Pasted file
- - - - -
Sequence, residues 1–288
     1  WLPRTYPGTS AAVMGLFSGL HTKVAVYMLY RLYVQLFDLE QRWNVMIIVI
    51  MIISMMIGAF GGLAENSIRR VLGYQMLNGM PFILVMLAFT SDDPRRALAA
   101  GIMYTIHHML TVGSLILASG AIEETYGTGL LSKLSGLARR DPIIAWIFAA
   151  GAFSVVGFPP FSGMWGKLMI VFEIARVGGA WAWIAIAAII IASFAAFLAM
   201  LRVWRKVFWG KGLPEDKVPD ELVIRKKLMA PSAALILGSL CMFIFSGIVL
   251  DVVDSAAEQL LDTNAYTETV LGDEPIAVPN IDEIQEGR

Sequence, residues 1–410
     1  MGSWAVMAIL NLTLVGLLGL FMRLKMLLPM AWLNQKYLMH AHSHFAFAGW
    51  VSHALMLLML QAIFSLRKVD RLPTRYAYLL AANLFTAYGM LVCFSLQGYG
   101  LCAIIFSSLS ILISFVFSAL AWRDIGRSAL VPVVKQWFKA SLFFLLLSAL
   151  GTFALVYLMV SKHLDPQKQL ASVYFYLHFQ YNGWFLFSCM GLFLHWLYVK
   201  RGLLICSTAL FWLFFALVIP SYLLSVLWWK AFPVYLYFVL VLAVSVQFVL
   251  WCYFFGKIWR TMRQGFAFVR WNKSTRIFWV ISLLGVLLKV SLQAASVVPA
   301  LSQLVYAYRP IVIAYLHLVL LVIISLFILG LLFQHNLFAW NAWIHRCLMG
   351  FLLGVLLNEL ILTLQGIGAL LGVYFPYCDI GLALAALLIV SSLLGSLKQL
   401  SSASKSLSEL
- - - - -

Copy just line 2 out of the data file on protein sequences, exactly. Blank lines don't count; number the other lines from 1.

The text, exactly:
     1  WLPRTYPGTS AAVMGLFSGL HTKVAVYMLY RLYVQLFDLE QRWNVMIIVI